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recommendation mailed to Khan was returned as undeliverable on March 5, 2007. Teksystems and the district court sent documents both to Khan individually, as the alleged operator of RK Teksystems, at the Alban Station address, and to RK Teksystems, care of Khan's wife, at 7111 Tanworth Drive. Although Khan no longer used the Alban
Station address, the court did not receive notice of this fact until March 5, 2007, approximately five months after the case began, when a mailing was returned as undeliverable. Khan did in
fact receive the complaint delivered to 7111 Tanworth Drive and filed an answer with the district court. His answer listed his
address as 7111 Tanworth Drive, but did not inform the court or Teksystems that the Alban Station address was no longer valid. The method the district court used to notify Khan of its orders and upcoming hearings was reasonably calculated to reach Khan. Particularly since Khan responded to the complaint and did
not indicate any problem with the method of service or addresses, the district court same and magistrate of judge acted as reasonably used for in the
As for Kahn's argument that the district court erred by refusing to grant leave to amend his answer, the denial of a motion to amend a pleading is reviewed for abuse of discretion. States v. Pittman, 209 F.3d 314, 316 (4th Cir. 2000). United
An abuse of
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the district court's discretion occurs when the court fails or refuses to exercise its discretion, or when the district court's exercise of discretion is flawed by an erroneous legal or factual premise. See James v. Jacobson, 6 F.3d 233, 239 (4th Cir. 1993). Regarding pleadings to which no responsive pleading is permitted, Rule 15(a) of the Federal Rules of Civil Procedure provides that if "the action has not been placed upon the trial calendar, the party may . . . amend [as a matter of course] at any time within 20 days after it is served." Otherwise, a party may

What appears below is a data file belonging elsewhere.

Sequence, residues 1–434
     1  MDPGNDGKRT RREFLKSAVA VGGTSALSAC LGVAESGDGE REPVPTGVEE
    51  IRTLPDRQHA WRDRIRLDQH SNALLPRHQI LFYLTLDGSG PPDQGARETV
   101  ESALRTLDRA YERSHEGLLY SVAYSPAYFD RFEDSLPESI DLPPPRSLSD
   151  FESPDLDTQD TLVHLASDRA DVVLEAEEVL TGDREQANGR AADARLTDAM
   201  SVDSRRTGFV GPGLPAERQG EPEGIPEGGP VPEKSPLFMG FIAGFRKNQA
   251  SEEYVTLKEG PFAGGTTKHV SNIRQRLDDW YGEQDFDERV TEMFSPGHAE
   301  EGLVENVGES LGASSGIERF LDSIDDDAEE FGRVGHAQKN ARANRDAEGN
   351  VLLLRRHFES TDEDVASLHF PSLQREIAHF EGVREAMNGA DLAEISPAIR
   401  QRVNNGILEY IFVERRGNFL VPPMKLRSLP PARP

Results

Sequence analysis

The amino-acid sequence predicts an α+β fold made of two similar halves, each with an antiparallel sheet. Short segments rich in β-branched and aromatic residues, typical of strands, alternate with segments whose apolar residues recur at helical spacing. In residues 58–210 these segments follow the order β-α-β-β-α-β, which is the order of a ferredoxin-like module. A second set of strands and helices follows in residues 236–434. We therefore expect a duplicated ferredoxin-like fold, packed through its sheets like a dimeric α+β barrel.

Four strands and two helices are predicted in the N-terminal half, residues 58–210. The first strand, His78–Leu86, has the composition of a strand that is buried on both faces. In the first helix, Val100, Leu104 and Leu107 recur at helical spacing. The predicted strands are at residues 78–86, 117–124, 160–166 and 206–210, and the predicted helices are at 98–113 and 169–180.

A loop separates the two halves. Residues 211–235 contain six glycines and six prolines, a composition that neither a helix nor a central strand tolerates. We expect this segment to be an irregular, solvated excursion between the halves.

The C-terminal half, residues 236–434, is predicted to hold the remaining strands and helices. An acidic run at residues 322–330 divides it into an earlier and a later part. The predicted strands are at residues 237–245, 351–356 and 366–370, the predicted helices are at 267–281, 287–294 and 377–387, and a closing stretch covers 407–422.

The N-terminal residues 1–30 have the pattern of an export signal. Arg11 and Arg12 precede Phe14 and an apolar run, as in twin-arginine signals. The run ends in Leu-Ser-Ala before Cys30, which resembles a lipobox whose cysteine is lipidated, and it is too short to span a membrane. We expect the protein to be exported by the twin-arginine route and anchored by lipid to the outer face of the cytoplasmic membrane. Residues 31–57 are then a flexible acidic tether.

only amend the pleading "by leave of court or by written consent of the adverse party." Fed. R. Civ. P. 15(a). Rule 15(a) leave to
amend shall be given freely absent any apparent reason, such as bad faith, undue prejudice to the opposing party, or futility of amendment. See Foman v. Davis, 371 U.S. 178, 182 (1962); Davis v. The
Piper Aircraft Corp., 615 F.2d 606, 613 (4th Cir. 1980).
district court concluded that any amendment of Khan's answer would be futile because Khan did not file his motion until after the district court issued an injunction, a permanent restraining order, and referred the case to the magistrate judge on the issue of damages. Khan did not seek leave to file an amended answer until approximately five months after the district court issued a
temporary restraining order, and Khan filed his initial answer four months after the district court issued a permanent restraining
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order, and over one month after the magistrate judge completed his report and recommendation. The district court correctly found that allowing Khan to amend his answer at that point in time would have been futile. For these reasons, we affirm the judgment of the district court. We dispense with oral argument because the facts and legal
contentions are adequately presented in the materials before the court and argument would not aid the decisional process.
Similarly, we deny Khan's motion to file a formal brief because Khan's arguments are fully set forth in his informal brief and further briefing would not be of additional assistance.